STATEMENT OF DANIEL N. WENK, DEPUTY DIRECTOR, NATIONAL PARK SERVICE, DEPARTMENT OF THE INTERIOR, BEFORE THE SUBCOMMITTEE ON NATIONAL PARKS, SENATE COMMITTEE ON ENERGY AND NATURAL RESOURCES, CONCERNING S. 890, A BILL TO PROVIDE FOR CERTAIN ADMINISTRATIVE AND SUPPORT SERVICES FOR THE DWIGHT D. EISENHOWER MEMORIAL COMMISSION
April 26, 2007
Mr. Chairman and members of the subcommittee, thank you for the opportunity to appear before you today to present the Department of the Interior's views on S. 890, a bill to provide for certain administrative and support services for the Dwight D. Eisenhower Memorial Commission.
The Department has no position on S. 890 as it involves providing administrative and support services for an established congressional commission by the General Services Administration (GSA) rather than the Department of the Interior. We understand that the Department of Justice may have concerns with certain provisions on volunteer services in S. 890 that could significantly expand the potential for Federal tort liability and will advise the Committee of those concerns in the near future.
The Dwight D. Eisenhower Memorial Commission (Commission) is a congressional commission established by Section 8162 of Public Law 106-79 on October 25, 1999. S. 890 would amend Section 8162 to update the powers of the Commission and provide additional staff and support services to assist the Commission in performing its duties and responsibilities. The bill would require the GSA to provide administrative services on a reimbursable basis. It also would allow the Commission to use all contracts, schedules, and acquisition vehicles allowed to external clients through the GSA.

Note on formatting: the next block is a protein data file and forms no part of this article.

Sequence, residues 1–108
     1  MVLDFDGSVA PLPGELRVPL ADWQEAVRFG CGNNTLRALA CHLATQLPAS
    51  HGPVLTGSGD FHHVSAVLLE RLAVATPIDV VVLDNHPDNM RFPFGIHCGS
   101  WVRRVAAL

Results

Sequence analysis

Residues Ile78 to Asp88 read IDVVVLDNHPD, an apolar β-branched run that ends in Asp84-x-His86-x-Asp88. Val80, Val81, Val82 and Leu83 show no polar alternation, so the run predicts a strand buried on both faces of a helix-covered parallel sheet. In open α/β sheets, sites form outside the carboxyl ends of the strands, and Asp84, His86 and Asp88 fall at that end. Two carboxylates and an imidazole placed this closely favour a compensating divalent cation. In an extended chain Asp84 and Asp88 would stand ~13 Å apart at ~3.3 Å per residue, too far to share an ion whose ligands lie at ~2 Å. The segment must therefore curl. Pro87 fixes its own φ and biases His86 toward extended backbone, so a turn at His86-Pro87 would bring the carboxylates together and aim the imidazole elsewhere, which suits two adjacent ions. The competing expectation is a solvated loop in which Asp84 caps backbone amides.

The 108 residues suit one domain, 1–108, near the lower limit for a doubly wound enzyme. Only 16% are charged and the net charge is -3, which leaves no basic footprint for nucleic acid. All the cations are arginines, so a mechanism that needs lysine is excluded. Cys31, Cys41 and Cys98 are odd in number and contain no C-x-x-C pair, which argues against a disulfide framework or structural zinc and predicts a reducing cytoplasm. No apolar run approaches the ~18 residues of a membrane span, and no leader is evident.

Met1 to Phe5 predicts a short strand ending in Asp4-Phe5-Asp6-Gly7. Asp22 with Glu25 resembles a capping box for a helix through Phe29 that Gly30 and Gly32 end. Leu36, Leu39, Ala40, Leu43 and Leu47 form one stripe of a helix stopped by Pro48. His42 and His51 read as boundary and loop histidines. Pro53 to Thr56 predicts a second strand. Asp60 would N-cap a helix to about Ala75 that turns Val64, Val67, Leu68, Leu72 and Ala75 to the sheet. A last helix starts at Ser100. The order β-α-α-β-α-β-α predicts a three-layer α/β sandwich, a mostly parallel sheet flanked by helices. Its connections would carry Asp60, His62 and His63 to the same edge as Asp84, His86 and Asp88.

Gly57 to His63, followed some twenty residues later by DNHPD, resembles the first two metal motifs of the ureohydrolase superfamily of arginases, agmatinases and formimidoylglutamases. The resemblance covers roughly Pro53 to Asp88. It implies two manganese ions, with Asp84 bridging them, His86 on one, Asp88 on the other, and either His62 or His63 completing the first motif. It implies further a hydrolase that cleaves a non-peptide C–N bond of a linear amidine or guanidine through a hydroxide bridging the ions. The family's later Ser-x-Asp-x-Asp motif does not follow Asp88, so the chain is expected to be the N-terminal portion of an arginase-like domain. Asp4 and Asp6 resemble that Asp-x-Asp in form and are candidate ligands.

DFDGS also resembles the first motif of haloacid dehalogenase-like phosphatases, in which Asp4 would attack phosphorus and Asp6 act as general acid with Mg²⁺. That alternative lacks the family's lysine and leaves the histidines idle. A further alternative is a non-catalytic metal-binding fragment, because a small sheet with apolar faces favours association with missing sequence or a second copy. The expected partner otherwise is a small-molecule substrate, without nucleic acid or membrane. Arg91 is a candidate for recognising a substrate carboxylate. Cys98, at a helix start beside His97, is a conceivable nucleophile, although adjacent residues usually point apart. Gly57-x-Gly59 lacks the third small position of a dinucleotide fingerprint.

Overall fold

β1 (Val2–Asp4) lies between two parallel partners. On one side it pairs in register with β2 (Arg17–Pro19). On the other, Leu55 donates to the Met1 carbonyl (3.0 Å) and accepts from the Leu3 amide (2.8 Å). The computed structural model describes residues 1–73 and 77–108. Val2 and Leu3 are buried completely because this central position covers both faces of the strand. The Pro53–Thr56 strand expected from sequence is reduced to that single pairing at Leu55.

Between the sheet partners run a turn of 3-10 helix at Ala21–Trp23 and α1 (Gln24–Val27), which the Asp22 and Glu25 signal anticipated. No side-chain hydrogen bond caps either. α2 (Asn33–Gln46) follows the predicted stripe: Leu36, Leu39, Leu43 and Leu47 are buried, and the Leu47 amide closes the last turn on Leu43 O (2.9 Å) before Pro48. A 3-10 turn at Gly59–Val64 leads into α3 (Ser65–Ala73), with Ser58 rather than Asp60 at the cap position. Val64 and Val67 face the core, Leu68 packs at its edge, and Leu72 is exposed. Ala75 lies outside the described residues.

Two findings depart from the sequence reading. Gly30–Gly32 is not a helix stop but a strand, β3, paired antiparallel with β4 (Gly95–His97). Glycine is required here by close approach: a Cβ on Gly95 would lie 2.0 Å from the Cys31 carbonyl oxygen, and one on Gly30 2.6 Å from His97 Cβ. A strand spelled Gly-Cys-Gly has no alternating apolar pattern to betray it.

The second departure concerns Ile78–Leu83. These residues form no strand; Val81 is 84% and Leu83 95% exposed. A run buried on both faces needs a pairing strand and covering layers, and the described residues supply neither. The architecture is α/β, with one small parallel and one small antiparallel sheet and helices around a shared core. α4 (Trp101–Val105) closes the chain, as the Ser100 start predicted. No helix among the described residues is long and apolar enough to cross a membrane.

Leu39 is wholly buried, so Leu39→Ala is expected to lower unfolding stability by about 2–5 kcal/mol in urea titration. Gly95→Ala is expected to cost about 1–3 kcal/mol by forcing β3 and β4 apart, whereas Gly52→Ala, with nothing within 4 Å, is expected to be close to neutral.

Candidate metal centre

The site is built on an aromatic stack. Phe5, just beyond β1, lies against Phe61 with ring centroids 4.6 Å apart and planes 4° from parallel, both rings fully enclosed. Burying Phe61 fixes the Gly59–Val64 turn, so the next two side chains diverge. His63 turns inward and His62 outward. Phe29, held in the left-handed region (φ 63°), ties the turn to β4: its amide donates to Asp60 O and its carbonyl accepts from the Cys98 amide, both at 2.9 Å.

In January 2002, the Commission's authorization was amended by Public Law 107-117 to require that the memorial to Dwight D. Eisenhower be established pursuant to the provisions of the Commemorative Works Act. Public Law 109-220, enacted in May 2006, authorized the memorial to be constructed on a site within Area I as Dwight D. Eisenhower is deemed to be of “preeminent historical and lasting significance to the Nation.” As a result of an alternative site study completed in 2006, the National Park Service, the Commission of Fine Arts and the National Capital Planning Commission have all approved a site south of Independence Avenue near its intersection with Maryland Avenue, which was identified in the Memorials and Museums Master Plan as Prime Candidate Site suitable for a presidential memorial. The next step is for the Commission to select a design concept in accordance with guidance contained in the site approval and to submit it for review by the Secretary of the Interior, the Commission of Fine Arts and the National Capital Planning Commission.
During his term, President Eisenhower created the National Interstate Highway System, which remains a critical component of U.S. infrastructure today. Eisenhower also is credited with proposing and signing into law the Civil Rights Acts of 1957 and 1960, and striving to make the District of Columbia a model for the nation in racially integrating public schools. He created the precedent for the proposed National Parks Centennial Initiative by initiating a comprehensive ten-year program, Mission 66, to restore and improve National Parks to meet the needs of a public increasingly interested in the great outdoors.
The Department supports the work of the Commission and is willing to assist them throughout the process of establishing an appropriate permanent memorial to Dwight D. Eisenhower, the 34th President of the United States.
That concludes my testimony, I would be glad to answer any questions that you or other members of the subcommittee may have.